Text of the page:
Mercury(II) nitrate

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Mercury(II) nitrate
Mercury(II) nitrate by NileRed.jpg
Nearly dry mercury(II) nitrate
IUPAC name
Mercury(II) nitrate
Other names
Citrine ointment
Mercuric nitrate
Millon's reagent
Molar mass 324.60 g/mol (anhydrous)
Appearance White solid
Odor Odorless
Density 4.3 g/cm3 (monohydrate)
Melting point monohydrate
79 °C (174 °F; 352 K)
Boiling point Decomposes
Solubility Soluble in acetone, ammonia, hydrochloric acid, nitric acid
Insoluble in alcohol, halocarbons, hydrocarbons
Vapor pressure ~0 mmHg
Safety data sheet Sigma-Aldrich (monohydrate)
Flash point Non-flammable
Related compounds
Related compounds
Zinc nitrate
Cadmium nitrate
Except where otherwise noted, data are given for materials in their standard state (at 25 °C [77 °F], 100 kPa).
Infobox references

Mercury(II) nitrate (Hg(NO3)2) is a very toxic white soluble crystalline mercury(II) salt of nitric acid. It was used in the past to treat fur to make felt in a process called "carroting". The phrase 'mad as a hatter' is associated with psychological illness brought on by excessive exposure to mercury(II) nitrate.



Mercury(II) nitrate decomposes when heated, releasing nitrogen dioxide and oxygen.

Hg(NO3)2 → HgO + 2 NO2 + ½ O2


Mercury(II) nitrate is a white solid, soluble in water and nitric acid.


Mercury(II) nitrate is sold by chemical suppliers, however, due to its hazards it's extremely difficult to get hold of.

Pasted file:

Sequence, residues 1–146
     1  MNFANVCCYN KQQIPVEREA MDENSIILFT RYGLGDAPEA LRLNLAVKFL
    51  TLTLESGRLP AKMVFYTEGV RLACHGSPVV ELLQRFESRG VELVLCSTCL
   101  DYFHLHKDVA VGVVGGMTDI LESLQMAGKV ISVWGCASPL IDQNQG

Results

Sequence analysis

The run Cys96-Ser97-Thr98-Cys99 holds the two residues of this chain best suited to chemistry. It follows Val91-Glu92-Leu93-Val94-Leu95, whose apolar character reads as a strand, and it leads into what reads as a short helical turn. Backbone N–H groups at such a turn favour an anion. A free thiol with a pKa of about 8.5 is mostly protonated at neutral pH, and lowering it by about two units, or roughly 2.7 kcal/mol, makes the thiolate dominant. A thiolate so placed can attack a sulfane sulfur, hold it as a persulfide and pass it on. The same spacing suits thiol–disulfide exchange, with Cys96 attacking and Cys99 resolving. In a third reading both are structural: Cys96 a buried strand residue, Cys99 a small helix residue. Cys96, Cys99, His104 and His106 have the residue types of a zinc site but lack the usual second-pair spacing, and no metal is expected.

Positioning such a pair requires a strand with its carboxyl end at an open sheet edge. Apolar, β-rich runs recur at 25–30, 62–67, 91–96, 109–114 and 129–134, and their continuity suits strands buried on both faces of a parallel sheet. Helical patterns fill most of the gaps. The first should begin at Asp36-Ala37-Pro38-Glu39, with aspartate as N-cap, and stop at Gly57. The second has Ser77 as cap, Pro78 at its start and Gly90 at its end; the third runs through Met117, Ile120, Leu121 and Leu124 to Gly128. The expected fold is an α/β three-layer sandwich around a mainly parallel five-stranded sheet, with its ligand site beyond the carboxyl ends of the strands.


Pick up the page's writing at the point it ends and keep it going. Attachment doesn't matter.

The sale of mercury(II) nitrate, like most mercury compounds, is restricted in many countries due to it's great toxicity. Its sale in EU is banned without a proper hazardous substance permit.


Mercury(II) nitrate can be prepared by reacting elemental mercury with concentrated nitric acid. Heat speeds up the reaction.

4 HNO3 + Hg → Hg(NO3)2 + 2 NO2 + 2 H2O

To dry it, the solution is gently heated until the compound solidifies. Do not heat it too high as it will decompose.

If diluted nitric acid is used instead, mercury(I) nitrate will be formed.




Mercury(II) nitrate is extremely toxic. It can absorb through skin. Wear proper protection when handling the compound.


Mercury(II) nitrate should be stored in closed bottles, with a proper hazard label, indicating it's a dangerous compound. Plastic (PE or PP) bottlers are ideal, as they will not break if they're dropped on a hard surface, like the floor.


Mercury(II) nitrate should be converted to an insoluble form, such as mercury sulfide then taken to hazardous waste disposal centers.


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